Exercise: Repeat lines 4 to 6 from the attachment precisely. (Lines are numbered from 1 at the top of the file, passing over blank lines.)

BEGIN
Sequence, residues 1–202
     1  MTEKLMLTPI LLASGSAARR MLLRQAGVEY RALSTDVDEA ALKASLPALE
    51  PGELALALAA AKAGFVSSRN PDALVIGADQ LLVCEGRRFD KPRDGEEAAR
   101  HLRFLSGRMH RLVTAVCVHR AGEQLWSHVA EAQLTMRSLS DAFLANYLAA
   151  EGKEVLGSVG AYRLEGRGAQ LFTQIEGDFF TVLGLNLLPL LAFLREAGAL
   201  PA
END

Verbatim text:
   101  HLRFLSGRMH RLVTAVCVHR AGEQLWSHVA EAQLTMRSLS DAFLANYLAA
   151  EGKEVLGSVG AYRLEGRGAQ LFTQIEGDFF TVLGLNLLPL LAFLREAGAL
   201  PA